‘I thought of what it’d be like to move away’

What 10 Northerners say about life since the IRA statement



‘I thought of what it’d be like to move away’

Dr Michael Paterson Clinical psychologist and former RUC member. He lost both arms in an IRA rocket attack in 1981 After I was injured I went to Edinburgh to be fitted with an electric arm. I remember sitting in the park, just enjoying watching the people go by. At that point I thought of what it would be like to move away from Northern Ireland. But I stayed on.

In my clinical work I’ve seen a number of former police officers who still fear that they are targets. Whether that’s rational or irrational remains to be seen. I had a client from north Belfast who coped as best he could, but then he was involved in a minor road traffic accident, in which the other driver shouted in his face, and he just went to pieces psychologically. Sometimes all it takes is one more little thing.

‘Had the ceasefire been earlier, my wife would be alive’

Alan McBride Victims’ campaigner, member of the Northern Ireland Human Rights Commission. His wife, Sharon, was killed by the IRA in the Shankill bomb in 1993 For me this place has changed almost beyond recognition. There’s no real appetite for going back to conflict. Had the 1994 IRA ceasefire been in place earlier, my wife would probably still be alive. But I can’t look back too much. It’s not to say I don’t feel for the past – I do – but we need a process that deals with the past.

We need to do what we haven’t done yet, and that’s bring victims together. That’s what needs to be in a peace plan if it’s going to work. I’d have much preferred if this had been discussed at the time. Now the prisoners are out of jail, and all our bargaining chips are away. There’s little left to bargain with other than generosity of spirit.

‘The basic animosity is still there’

Prof Richard English Historian and author The republican movement now has a pretty good relationship with the UK state, but they have much more difficulty dealing with other Irish people. They get on better with their old enemies in Britain; they’ve more chance of having a nice evening dinner with the queen than with other republicans.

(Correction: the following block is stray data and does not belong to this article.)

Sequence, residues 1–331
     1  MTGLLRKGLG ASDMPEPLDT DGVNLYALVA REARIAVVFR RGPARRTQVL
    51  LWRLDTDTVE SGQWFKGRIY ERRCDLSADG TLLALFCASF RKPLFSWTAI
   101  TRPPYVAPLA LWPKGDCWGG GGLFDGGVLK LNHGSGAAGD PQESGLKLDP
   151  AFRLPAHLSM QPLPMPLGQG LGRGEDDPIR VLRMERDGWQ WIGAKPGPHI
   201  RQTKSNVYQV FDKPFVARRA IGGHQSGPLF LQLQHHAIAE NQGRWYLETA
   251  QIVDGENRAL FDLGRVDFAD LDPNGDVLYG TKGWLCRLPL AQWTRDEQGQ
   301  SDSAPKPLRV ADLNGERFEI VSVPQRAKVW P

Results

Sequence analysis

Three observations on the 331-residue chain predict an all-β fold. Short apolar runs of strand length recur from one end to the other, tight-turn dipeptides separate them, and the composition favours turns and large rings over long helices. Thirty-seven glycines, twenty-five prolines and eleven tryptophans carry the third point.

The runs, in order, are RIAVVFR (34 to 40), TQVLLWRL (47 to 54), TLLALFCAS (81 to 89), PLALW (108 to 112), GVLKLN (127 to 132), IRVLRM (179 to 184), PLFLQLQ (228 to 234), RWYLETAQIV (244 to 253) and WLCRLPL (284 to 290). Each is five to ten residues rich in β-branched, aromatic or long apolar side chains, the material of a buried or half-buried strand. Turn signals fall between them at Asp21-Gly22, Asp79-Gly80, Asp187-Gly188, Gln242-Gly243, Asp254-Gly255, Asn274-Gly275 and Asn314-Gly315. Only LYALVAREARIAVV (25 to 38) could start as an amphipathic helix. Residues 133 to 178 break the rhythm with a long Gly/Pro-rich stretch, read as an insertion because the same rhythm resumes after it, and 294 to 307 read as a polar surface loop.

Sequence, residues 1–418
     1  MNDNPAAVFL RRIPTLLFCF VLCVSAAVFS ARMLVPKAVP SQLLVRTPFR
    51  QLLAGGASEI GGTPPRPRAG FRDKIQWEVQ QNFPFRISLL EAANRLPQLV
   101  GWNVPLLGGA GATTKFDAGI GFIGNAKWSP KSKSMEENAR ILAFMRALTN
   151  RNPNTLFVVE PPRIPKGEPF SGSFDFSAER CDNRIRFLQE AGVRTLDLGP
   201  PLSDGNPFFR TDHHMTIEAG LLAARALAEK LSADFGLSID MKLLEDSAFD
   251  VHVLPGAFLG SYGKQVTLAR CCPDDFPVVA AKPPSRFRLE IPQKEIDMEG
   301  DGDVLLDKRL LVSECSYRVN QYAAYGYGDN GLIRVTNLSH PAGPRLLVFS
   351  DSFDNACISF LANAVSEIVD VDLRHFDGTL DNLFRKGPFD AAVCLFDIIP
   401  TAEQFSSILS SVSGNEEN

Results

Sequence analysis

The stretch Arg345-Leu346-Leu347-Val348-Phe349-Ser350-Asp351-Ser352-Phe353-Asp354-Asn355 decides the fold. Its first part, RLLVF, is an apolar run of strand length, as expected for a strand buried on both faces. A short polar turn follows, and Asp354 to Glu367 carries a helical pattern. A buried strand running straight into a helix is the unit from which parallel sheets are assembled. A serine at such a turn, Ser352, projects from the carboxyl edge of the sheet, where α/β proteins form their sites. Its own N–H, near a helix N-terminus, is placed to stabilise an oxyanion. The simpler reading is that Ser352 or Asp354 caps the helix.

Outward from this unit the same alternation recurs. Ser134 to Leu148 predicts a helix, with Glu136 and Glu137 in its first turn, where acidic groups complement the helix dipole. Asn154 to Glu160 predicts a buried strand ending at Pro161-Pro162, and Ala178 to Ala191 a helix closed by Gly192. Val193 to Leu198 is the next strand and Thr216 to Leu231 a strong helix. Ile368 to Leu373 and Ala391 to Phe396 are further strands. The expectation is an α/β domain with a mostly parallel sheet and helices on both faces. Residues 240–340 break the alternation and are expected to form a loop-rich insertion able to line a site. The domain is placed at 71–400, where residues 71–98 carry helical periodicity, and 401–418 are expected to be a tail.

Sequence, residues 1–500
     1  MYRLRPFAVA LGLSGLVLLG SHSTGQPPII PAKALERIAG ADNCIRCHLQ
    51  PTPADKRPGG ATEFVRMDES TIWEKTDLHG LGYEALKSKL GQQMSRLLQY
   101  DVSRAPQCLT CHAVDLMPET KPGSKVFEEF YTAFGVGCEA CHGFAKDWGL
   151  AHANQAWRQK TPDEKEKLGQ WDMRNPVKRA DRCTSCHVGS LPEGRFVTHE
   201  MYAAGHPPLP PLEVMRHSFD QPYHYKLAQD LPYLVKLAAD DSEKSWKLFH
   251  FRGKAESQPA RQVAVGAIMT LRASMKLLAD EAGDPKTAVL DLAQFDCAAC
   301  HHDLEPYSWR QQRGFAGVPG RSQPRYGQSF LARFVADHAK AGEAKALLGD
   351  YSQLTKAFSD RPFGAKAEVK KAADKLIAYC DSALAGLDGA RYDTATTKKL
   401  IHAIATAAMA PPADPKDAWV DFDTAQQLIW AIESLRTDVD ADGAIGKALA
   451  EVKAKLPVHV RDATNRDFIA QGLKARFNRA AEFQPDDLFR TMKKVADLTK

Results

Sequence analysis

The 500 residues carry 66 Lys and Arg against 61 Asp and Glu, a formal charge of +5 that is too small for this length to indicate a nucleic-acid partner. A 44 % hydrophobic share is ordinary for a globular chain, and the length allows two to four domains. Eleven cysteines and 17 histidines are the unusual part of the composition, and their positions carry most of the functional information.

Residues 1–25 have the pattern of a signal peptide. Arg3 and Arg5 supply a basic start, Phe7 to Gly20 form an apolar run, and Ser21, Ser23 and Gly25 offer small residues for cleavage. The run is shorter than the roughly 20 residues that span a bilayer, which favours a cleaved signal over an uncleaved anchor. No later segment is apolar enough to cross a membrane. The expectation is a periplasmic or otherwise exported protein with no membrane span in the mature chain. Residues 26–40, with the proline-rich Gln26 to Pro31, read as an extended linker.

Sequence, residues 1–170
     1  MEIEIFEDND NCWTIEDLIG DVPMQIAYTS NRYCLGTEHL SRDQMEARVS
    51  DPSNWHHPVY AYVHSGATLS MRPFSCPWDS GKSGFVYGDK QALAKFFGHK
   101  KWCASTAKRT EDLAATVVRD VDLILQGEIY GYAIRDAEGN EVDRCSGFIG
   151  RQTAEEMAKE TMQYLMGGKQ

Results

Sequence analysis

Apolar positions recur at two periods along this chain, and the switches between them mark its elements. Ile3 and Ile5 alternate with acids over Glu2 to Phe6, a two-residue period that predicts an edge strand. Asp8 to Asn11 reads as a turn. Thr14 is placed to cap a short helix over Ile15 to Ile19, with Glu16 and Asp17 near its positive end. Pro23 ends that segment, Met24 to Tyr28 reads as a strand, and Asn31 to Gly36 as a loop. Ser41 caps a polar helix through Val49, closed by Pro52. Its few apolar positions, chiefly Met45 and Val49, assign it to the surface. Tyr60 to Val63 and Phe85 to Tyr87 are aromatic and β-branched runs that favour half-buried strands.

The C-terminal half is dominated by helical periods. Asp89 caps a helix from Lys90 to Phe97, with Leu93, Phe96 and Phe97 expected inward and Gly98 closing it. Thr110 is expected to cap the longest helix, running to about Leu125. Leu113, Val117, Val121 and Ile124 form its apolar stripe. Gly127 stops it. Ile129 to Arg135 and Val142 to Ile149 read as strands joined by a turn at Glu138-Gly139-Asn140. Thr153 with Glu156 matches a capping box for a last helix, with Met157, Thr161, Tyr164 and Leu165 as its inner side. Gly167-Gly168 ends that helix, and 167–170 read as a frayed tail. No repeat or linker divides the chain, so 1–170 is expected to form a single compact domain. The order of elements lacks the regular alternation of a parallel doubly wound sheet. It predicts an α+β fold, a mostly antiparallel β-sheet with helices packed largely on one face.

What hasn’t changed is the view of the past. The basic animosity is still there. When somebody from Sinn Féin stands up, a unionist can only see the IRA, even now. There’s still an awfully long, slow journey to go. Of course, if you talk to London politicians they think it’s a fantastic success story. If they could make parts of Iraq look like Northern Ireland, they’d jump at you.

‘It’s the difference between night and day. And this is the day’

Máirtín Ó Muilleoir Sinn Féin politician and businessman, lord mayor of Belfast 2013-14 The big difference for me is that the horizon is bigger and brighter. The ambition of the city is greater; the air is full of electricity. I’m tickled by the transformation among young people: they will save us because they don’t have any idea how terrible things were.

I used to find it hard to talk about where we’ve been, the terrible losses on all sides, and I don’t spend too much time on that. But the good work of people like John Hume and Albert Reynolds saved thousands of lives.

Of course, you always need to do more: people need the dignity of work, a good home, a good education. But, looking back, we’re talking about the difference between night and day. And this is the day.

‘If you’re middle class, life feels better’

Debbie Watters East Belfast community worker, member of the Northern Ireland Policing Board If you live in a middle-class community, life probably feels significantly better. But life within the loyalist community is different. Big issues are unresolved: the past, parading, flags. Alienation and disaffection with the political process are high. What we’re hearing is that the absence of violence does not equal peace. For me peace looks like a society where we can live beside each other as neighbours and respect each other’s culture. If the loyalist community is feeling alienated, then it’s everyone’s issue and responsibility.

The big issue in any peace process is the need to listen to the voices of the perceived losers. Everything came so quickly – the ceasefires, the signing of the Good Friday agreement – there was this rush for peace without paying attention to those who felt they’d lost out.

‘Everyone’s obsessed with the Troubles. We need to let go of it’